Example 2: (Things that aren't graphs)

Another problem geometric thinking faces is that modern math often seems to regard pictures as not being proofs, even if they are more convincing, so there is a bias regarding how to choose to spend class time. Let's say you want to differentiate $x^3$. You can draw a cube, and a slightly larger cube, and then look at the difference of the cubes and subdivide it into a bunch of small regions, three larger slabs taking up most of the volume. Algebraically, this subdivision corresponds to multiplying out $(x+h)^3$; collecting the terms uses the commutativity, which corresponds to rotating the various identical pieces. It is no different to write this proof out algebraically, the difference is that the algebraic one is a "proof" but the geometric one is.. not? Even if it's more convincing. So it's like the picture is only there for culture.

Maybe I have the lecture time to teach both, I will. But I would like to go farther than that. When I differentiate the cube root function, the same cube appears and I go through it again if I feel like it just to convince myself of the truth. Actually, every time I ever use the product rule I always picture the same rectangle with a slightly larger rectangle. My point of view is that one important "definition" of multiplication is in terms of areas, and that a linear function is not necessarily a graph. When you think of a linear function, you should also picture things like rectangles, sectors, similar triangles like the kind that come up when "proving" basic differentiation formulas. Differentiating the integral may seem like a magical trick, but it's really just a continuation of the point of view that multiplication can look like an area/volume and differentiation means taking a small change in the input.

Now, I'd like that point of view to be absorbed, but it's not exactly in the textbook, or completely consistent with what students' other teachers taught them. It's hard to go against the idea that "you should think graphically" -- if I ever think about the sine or tangent function now, it might be the area of a triangle, it might be the length of some vertical line segment, but it's basically never using the graph, which contains basically no additional information. If I have more than one shot at it, I'll try to explain both, but is it really of service to go around saying all the time why graphs aren't the end-all-be-all?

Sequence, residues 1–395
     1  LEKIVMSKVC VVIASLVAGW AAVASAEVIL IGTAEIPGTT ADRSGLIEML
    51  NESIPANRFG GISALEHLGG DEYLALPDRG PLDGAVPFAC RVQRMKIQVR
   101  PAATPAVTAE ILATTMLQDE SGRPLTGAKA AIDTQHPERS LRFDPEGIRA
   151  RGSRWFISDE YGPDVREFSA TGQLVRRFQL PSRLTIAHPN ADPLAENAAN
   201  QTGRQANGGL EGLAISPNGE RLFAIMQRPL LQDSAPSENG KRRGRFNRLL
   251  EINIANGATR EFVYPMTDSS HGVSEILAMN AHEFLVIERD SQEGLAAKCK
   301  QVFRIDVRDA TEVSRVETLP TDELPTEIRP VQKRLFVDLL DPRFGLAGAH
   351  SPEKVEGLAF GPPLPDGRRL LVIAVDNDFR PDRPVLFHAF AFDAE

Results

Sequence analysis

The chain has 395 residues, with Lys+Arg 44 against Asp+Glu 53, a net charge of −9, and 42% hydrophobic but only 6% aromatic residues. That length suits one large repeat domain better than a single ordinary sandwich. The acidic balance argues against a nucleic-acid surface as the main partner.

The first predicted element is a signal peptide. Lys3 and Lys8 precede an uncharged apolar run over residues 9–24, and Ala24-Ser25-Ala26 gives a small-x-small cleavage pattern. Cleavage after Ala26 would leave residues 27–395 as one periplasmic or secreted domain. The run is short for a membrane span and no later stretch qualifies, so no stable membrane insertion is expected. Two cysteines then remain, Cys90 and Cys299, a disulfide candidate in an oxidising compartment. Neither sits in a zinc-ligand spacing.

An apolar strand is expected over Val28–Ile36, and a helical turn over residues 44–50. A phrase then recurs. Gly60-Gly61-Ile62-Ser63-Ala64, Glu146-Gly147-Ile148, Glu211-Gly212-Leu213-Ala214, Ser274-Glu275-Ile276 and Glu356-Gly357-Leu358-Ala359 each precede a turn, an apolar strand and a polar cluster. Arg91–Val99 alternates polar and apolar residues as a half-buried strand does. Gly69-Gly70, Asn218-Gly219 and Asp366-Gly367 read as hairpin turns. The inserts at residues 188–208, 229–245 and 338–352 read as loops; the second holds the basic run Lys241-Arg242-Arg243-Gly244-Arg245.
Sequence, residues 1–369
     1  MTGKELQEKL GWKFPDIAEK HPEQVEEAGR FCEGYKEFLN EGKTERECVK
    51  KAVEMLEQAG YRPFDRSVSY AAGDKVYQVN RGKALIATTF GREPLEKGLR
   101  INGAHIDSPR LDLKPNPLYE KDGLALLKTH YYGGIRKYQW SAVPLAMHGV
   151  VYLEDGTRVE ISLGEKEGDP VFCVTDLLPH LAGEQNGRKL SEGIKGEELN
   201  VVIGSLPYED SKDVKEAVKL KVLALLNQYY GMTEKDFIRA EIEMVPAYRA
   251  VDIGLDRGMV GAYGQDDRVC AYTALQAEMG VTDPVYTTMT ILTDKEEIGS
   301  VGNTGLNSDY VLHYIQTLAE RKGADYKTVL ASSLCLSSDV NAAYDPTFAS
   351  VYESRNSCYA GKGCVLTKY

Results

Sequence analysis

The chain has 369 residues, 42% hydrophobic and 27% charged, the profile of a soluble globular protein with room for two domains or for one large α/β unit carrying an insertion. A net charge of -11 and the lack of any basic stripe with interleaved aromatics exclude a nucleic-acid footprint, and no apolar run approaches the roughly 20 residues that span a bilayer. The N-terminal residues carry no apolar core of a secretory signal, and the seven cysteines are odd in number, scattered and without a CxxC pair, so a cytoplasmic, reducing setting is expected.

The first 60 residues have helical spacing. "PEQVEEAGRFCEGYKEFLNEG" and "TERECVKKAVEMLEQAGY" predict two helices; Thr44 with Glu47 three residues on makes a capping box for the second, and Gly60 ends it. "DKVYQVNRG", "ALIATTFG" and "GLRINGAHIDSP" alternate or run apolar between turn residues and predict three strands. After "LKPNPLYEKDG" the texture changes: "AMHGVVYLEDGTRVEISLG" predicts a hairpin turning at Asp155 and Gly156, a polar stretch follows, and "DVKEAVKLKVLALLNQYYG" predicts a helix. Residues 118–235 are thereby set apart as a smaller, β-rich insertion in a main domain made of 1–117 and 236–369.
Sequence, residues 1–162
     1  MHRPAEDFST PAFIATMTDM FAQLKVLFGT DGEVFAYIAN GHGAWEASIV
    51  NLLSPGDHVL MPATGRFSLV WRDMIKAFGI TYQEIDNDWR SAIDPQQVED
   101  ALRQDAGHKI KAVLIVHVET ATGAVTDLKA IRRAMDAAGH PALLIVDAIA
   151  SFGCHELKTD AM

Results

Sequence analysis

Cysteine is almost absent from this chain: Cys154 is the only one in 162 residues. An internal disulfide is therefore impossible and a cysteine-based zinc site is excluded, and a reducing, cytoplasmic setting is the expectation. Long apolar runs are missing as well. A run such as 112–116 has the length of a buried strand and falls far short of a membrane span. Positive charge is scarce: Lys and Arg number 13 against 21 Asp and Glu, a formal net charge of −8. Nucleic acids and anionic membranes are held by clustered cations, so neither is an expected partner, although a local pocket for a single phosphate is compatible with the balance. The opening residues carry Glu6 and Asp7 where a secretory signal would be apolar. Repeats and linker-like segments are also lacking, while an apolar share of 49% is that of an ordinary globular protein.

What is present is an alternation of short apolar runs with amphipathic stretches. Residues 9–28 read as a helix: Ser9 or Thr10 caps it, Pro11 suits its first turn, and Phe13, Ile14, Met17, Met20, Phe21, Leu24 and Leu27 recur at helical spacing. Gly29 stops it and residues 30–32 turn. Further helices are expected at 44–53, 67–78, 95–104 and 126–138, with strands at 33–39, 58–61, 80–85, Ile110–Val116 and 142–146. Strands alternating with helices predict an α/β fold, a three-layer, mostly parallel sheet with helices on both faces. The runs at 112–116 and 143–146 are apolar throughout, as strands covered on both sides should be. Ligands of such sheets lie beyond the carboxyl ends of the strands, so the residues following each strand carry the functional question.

Also, while I can express the pictures in my head one at a time, the fact that I repeatedly, repeatedly see this pictures is something that I feel is harder to express. After all, can't you just do algebra and get through this stuff more quickly? The algebra is "easier" too; it takes up less space.

• Really nice examples. – Michael Bächtold Oct 13 '11 at 7:19
• I think pictures are enormously valuable, even if they are not adequate as proofs. A few problems, though: (1) a lot of people can't draw very well; (2) though there are software tools to help create illustrations, many mathematicians don't have access to them or the skills to use them; (3) most research mathematics is written using TeX, and putting a picture in a TeX document is much harder than it should be; (4) pictures can significantly increase the page count in papers and books, which bothers publishers. So, the odds are stacked against pictures. Too bad. – bubba Oct 16 '16 at 3:03
• 3Blue1Brown's Essence of Calculus YouTube playlist might interest you (as well as Essence of Linear Algebra from the same author). With animations, multiple pictures don't "take up space," which addresses @bubba's fourth problem. (The first three are only made worse, I guess, since most people don't know how to animate...) – Akiva Weinberger May 26 '17 at 1:51

The issue seems, to me, that a lot of these mental pictures are very personal.

I am reminded of an anecdote by Richard Feynman, from "The Pleasure of Finding Things Out". He explains how counting, for him, is a verbal process (he speaks the numbers to himself as he goes along), but that a friend of his would manage visually. (Text here)